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ERIC Number: ED534189
Record Type: Non-Journal
Publication Date: 2011
Pages: 127
Abstractor: As Provided
Reference Count: N/A
ISBN: ISBN-978-1-1249-3596-6
ISSN: N/A
The Extent and Nature of Online Learning in Indiana's High Schools
Briggs, Chad Stuart
ProQuest LLC, Ph.D. Dissertation, Purdue University
High schools throughout the United States face ever-increasing school accountability requirements to graduate students within four years. Earning a high school diploma helps students be prepared for post-secondary educational opportunities or the workplace after high school. Students described as being at-risk for academic failure are the students who are, for a number of reasons, not leaving high school with a diploma. With approximately one in four students not graduating high school within four years the urgency to explore non-traditional avenues to educate students is critical. Online or virtual learning may well be a tool schools could implement to assist students in earning a high school diploma. The purpose of this study was to gain insight into how high schools in Indiana are utilizing online learning as a means to assist students in earning a high school diploma. Specifically, this study strove to determine the extent to which students are participating in online courses, what facilitators are being utilized in online learning, what barriers are being confronted as online coursework is accessed and whether or not high school principals perceive on-line learning to be a viable means for positively impacting a school's graduation rate. As these topics were investigated, data were disaggregated in terms to the location, in terms of urban, suburban, or rural, of participating schools. The results of this study found that students in Indiana's high schools are utilizing online learning to earn credit toward a diploma. However, this participation is dominated by students who are classified as at-risk for not graduating as many students participate for the purpose of recovering lost credit. Additionally, the barriers schools and students are confronting include the lack of resources to access online coursework. It seems if the typical student participating in online coursework is the same student with past academic failures then the solution is not to simply place a student online with few, if any, support structures in place. While students in Indiana's high schools are participating in online coursework for a multitude of reasons, most commonly to recover credit, further research is needed to determine the format of such online learning. This study recommends further study into how high schools in Indiana could blend the flexibility and self-pacing afforded by online learning with the guidance and insight of regular teacher-student interaction. Principals of high schools in Indiana are interested in utilizing online learning to assist students in graduating. However, the overall guidance from educational leaders in Indiana is rather lacking in terms of implementation and accountability guidelines. Indiana may benefit from the State exploring the initiation of a state-wide virtual school so high schools have the necessary structures in place for students to pursue online coursework consistent with Indiana core academic standards to meet Core 40 graduation requirements. [The dissertation citations contained here are published with the permission of ProQuest LLC. Further reproduction is prohibited without permission. Copies of dissertations may be obtained by Telephone (800) 1-800-521-0600. Web page: http://www.proquest.com/en-US/products/dissertations/individuals.shtml.]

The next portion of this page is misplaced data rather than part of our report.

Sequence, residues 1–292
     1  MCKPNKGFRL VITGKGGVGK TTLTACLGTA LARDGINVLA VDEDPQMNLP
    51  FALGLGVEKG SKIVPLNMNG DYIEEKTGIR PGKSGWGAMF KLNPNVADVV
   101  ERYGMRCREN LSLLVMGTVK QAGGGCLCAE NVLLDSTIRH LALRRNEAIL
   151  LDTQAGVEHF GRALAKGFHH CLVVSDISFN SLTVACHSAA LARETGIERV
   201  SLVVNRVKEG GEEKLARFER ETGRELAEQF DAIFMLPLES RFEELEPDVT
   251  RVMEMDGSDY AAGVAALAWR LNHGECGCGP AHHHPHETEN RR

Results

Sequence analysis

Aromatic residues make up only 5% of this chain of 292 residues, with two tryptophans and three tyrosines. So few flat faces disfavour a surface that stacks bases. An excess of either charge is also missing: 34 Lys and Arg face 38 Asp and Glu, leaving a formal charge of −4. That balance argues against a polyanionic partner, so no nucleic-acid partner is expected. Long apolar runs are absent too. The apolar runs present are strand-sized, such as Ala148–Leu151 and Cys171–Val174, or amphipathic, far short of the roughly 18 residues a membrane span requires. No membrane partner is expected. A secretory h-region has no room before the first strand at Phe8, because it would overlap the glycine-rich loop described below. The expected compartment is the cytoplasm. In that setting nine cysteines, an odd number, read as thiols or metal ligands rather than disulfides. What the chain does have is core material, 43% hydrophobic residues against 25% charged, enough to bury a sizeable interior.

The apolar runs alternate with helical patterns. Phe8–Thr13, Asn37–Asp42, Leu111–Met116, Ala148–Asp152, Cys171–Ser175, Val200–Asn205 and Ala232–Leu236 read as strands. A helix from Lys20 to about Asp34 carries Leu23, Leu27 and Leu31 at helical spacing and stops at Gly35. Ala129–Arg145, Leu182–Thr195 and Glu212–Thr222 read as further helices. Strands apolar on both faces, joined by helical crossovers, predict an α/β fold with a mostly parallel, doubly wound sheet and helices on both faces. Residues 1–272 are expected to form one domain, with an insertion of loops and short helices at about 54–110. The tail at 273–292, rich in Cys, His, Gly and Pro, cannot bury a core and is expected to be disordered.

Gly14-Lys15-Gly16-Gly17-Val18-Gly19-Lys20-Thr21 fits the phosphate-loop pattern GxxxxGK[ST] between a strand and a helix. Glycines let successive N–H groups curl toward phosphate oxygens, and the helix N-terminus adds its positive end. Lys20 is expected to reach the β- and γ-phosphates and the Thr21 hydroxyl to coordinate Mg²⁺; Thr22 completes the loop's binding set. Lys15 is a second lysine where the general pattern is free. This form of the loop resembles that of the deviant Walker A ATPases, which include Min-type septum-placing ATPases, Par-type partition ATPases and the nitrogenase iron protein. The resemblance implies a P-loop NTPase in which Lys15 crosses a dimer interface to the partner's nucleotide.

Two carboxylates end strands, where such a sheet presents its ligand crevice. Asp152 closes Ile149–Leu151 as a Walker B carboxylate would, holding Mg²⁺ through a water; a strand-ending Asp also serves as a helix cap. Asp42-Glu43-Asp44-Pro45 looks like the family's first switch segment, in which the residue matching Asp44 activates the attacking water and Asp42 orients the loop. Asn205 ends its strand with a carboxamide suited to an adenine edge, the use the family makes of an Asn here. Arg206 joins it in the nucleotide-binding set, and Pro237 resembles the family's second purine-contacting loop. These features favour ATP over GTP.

ProQuest LLC. 789 East Eisenhower Parkway, P.O. Box 1346, Ann Arbor, MI 48106. Tel: 800-521-0600; Web site: http://www.proquest.com/en-US/products/dissertations/individuals.shtml
Publication Type: Dissertations/Theses - Doctoral Dissertations
Education Level: High Schools; Secondary Education
Audience: N/A
Language: English
Sponsor: N/A
Authoring Institution: N/A
Identifiers - Location: Indiana